Express & Star

Sunak bouncing around campaign trail this week, ally says after subdued weekend

Chris Philp conceded he was personally ‘surprised and disappointed’ by the Prime Minister’s decision to leave Thursday’s D-Day events early.

General Election campaign 2024

Rishi Sunak will be “bouncing around the campaign trail this week”, a minister has insisted as the Tories attempt to draw a line under the row over his early D-Day exit.

Chris Philp conceded he was personally “surprised and disappointed” by the Prime Minister’s decision to leave Thursday’s commemorative events for the 80th anniversary of the Normandy landings early.

Criticism of the move has dogged Mr Sunak over the weekend, when he kept a low profile after avoiding questions from reporters on Saturday.

The Prime Minister is back in action campaigning in West Sussex at the start of this week, after senior Tories quashed rumours he could quit mid-election.

A high-profile BBC interview with Nick Robinson is meanwhile set to be broadcast on Monday evening.

Home Office minister Mr Philp was asked how he personally felt about Mr Sunak’s early D-Day departure, and told Sky News: “Well, I was surprised and disappointed.

“But he apologised, and I think if you look at his track record looking after veterans and funding the armed services, he has got a good track record, a track record that he can be proud of, a track record the party can be proud of, and a track record the country can be proud of.”

He also suggested the Prime Minister “regrets deeply” what happened after being asked about his subdued campaigning over the weekend.

“He has recognised that, he has apologised and I think we will see him bouncing around the campaign trail this week and I am sure he will be talking to journalists whenever they want to ask him some questions,” Mr Philp added.

The Tories have sought to direct attention towards new political horizons this week, setting out a plan to recruit 8,000 more police officers.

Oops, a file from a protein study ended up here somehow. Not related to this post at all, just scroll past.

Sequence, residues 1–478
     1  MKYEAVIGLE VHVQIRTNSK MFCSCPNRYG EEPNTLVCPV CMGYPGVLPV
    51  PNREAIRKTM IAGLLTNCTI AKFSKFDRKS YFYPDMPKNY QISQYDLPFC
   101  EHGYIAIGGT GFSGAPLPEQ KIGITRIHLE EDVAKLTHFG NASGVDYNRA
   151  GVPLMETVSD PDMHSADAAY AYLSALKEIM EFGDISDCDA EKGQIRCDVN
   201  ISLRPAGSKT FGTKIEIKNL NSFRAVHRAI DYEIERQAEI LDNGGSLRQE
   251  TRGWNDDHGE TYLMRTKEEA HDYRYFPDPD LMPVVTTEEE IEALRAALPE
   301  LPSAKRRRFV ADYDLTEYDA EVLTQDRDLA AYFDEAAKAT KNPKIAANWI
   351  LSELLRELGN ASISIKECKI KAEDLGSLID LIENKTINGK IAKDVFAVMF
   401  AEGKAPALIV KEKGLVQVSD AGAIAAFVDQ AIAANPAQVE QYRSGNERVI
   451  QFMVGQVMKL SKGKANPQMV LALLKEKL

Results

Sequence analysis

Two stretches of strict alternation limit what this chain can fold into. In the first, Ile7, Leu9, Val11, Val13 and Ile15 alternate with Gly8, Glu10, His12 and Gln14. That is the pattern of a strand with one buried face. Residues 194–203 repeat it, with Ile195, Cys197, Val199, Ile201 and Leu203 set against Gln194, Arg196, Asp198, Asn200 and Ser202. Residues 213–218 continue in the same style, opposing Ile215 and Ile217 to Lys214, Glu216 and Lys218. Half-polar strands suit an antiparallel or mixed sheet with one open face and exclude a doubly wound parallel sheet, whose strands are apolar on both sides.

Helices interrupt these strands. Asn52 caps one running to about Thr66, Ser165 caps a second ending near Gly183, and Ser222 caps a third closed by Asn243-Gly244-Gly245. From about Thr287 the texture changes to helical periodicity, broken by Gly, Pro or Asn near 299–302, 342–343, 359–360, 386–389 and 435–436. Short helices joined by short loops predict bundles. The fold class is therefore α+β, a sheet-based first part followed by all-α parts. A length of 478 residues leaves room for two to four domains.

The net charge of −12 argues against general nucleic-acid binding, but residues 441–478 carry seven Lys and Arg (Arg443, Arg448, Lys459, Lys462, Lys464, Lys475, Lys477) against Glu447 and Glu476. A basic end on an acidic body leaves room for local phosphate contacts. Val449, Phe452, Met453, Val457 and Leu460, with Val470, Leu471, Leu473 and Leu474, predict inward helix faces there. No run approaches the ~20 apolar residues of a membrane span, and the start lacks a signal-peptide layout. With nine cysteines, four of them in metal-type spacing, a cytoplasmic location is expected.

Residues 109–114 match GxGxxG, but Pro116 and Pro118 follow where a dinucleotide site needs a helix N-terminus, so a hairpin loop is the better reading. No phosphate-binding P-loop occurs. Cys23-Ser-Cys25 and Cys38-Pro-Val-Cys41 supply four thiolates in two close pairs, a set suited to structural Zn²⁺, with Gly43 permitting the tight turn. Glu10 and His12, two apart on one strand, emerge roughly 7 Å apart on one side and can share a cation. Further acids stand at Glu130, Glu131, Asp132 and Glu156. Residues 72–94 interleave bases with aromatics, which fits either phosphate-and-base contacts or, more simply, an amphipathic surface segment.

The £810 million annual cost of the policy would be funded by hiking visa fees and removing the student discount on the immigration health surcharge.

General Election campaign 2024
Liberal Democrat deputy leader Daisy Cooper arrives to take part in the BBC Election Debate (Stefan Rousseau/PA)

It comes as the Liberal Democrats launch their full election manifesto, with an offer of a £9.4 billion package for the NHS and social care in England.

The party says this would be paid for by hiking taxes for banks and closing loopholes used by the super-rich.

The plan would include a right to see a GP within seven days, improving access to NHS dental care and wider availability of mental health services.

The manifesto will also set out plans to overhaul the water industry and tackle sewage pollution, a key theme of the Lib Dem campaign.

Speaking ahead of the manifesto launch, Lib Dem deputy leader Daisy Cooper told BBC Radio 4’s Today programme: “Our manifesto is a manifesto to save the NHS and social care.

“We want to boost GP numbers, we want to improve cancer survival rates, we want to end the access crisis in terms of people trying to reach their NHS dentists, we want to improve waiting lists for cancer treatment and mental health as well. And we have a bold plan to do that.”

The Conservatives, the Green Party and Labour are also expected to set out their manifestos this week.

Labour’s key policy pledge on Monday is to convert more than 3,300 primary school classrooms in England into nurseries, creating 100,000 childcare places.

It also plans to provide free breakfast clubs in England’s primary schools, with the aim of saving parents more than £400 a year and lowering absence rates.

Fabian Society conference
Shadow attorney general Emily Thornberry during their speech to the Fabian Society conference (Maja Smiejkowska/PA)

But the party’s messaging has been overshadowed by an attempt to correct Emily Thornberry’s suggestion that adding VAT to private school fees could lead to larger class sizes in the state sector.

The shadow attorney general claimed on Sunday “it would be fine if we have to, in the short term, have larger classes”.

On Monday, shadow education secretary Bridget Phillipson slapped down this claim, and said it “just wasn’t right”.

Reform UK will set out plans for the economy, with Nigel Farage expected to say tens of billions could be saved by stopping the Bank of England paying interest to commercial lenders on their quantitative easing reserves.

Sorry, we are not accepting comments on this article.